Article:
The media response to the murder of Reeva Steenkamp by her partner has been just as offensive as every other story of the murder of a woman by a man. The failure to name Reeva Steenkamp and the rendering her as an object has even surpassed even my cynicism of the media’s desire to reinforce rape culture and VAW. I’m not going to link to the picture in the Sun or the article in the Daily Mail since both have been shredded on twitter this morning. And, really, no one expects much from either since they both stopped publishing the news years ago. 

However, they aren’t the only mainstream media who’ve gone with worshipping a murderer at the expense of the victim. I found the Guardian’s retrospective on the life of the murderer of Reeva Steenkamp particularly galling. The Washington Post went with a quote on how some man never saw Reeva Steenkamp’s murderer as “violent”. He’s just murdered someone. I think the boats sailed on the question as to whether or not the man was violent. The BBC can’t seem to remember Reeva Steenkamp’s name. The mainstream media is effectively removing Reeva Steenkamp for the reporting of her own murder.

So far, I’ve only read two articles on the murder of Reeva Steenkamp which weren’t offensive: Mother Jones wrote about it relation to the issue of gun violence in South Africa whilst the F-Word UK wrote about the sensationalising and obfuscation of responsibility of VAW committed by athletes. It is utterly pathetic that the mainstream media has not managed to report this case with anything approaching empathy.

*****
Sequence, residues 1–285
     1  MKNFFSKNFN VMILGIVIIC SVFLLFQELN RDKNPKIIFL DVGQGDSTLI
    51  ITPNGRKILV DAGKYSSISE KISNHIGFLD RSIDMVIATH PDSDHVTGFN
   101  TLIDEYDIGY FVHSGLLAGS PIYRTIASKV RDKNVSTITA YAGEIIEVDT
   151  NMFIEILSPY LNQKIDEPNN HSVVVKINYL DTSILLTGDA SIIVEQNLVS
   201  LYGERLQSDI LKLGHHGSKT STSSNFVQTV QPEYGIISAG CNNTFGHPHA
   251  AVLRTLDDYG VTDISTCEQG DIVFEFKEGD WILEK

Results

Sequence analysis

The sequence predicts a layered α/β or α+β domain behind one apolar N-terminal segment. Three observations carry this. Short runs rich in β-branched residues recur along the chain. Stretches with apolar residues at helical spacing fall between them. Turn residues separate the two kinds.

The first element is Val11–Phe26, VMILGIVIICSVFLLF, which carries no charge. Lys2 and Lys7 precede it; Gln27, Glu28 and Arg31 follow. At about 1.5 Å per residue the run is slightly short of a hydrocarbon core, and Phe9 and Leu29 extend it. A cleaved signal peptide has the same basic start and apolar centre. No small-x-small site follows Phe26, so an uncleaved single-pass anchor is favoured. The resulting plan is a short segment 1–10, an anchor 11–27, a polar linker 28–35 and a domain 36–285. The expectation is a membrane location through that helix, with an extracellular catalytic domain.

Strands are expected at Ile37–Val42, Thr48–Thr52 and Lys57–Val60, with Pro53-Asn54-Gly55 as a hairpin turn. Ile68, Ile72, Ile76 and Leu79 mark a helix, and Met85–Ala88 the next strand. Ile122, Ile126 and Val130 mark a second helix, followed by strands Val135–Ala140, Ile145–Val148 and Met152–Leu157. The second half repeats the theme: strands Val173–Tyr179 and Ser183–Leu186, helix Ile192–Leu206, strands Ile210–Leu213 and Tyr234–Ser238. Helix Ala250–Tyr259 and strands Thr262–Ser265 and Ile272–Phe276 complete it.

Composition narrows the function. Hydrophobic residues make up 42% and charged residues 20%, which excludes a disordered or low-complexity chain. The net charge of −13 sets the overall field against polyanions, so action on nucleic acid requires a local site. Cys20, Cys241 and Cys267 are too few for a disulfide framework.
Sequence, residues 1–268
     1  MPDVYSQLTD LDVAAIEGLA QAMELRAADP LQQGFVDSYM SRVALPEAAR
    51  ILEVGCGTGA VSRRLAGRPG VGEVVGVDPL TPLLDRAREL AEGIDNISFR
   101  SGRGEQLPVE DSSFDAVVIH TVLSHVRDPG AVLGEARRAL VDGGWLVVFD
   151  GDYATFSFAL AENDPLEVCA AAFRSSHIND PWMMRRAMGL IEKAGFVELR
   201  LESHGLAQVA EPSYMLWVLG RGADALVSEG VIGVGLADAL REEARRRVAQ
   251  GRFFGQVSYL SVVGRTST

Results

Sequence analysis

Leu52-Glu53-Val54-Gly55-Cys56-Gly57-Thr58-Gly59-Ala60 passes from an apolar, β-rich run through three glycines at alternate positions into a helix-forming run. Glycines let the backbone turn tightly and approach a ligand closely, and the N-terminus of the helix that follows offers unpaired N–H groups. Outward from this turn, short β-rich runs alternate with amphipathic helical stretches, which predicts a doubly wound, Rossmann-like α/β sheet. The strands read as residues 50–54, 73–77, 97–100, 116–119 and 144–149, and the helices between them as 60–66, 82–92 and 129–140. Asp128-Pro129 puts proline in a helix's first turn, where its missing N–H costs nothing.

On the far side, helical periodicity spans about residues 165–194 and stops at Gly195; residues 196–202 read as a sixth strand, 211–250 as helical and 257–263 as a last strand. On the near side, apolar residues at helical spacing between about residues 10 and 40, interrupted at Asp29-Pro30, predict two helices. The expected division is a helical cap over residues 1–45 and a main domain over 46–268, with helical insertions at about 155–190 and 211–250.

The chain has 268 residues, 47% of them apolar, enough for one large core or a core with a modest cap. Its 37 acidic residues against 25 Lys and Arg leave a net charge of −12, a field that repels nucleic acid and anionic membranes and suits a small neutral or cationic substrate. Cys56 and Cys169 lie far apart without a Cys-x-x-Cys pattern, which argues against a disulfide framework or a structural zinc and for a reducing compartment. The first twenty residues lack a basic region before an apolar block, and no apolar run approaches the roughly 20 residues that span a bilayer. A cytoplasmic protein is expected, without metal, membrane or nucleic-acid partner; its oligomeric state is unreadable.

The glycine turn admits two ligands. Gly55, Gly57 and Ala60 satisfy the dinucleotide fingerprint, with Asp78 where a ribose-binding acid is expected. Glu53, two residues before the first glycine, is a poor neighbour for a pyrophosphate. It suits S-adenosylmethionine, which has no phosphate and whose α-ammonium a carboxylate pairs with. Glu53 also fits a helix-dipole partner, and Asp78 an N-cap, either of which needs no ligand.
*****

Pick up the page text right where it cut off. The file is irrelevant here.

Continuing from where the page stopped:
You can complain to the Sun about their front page by phone:  0207 782 4104 

Or, email: dominic.mohan@the-sun.co.uk  and ombudsman@the-sun.co.uk

Do feel free to tweet your anger to @rupertmurdoch

There is a petition here demanding that the Sun apologise for their front page.

Sian and Crooked Rib has written a form letter here.

There are other suggestions for activism here.

Please make a complaint to the Press Complaints Commission. As EVAW has been tweeting, you can use article 12 of the Code of Practise to make your complaint.

More importantly though, we have got to start taking personal responsibility and stop financially supporting the media outlets which perpetuate VAW as entertainment. There is no point in complaining about the Sun running such an offensive front page if people are clicking on it which increases their advertising revenue. The same goes for the Daily Mail. Complaining about the hateful nature of celebrity culture  whilst financially supporting it is hypocritical.  If we genuinely want to stop this shit from being published, we need to stop buying the Sun, Daily Mail, Heat and OK Magazine. We need to stop financially supporting a culture of bullying vulnerable people for entertainment.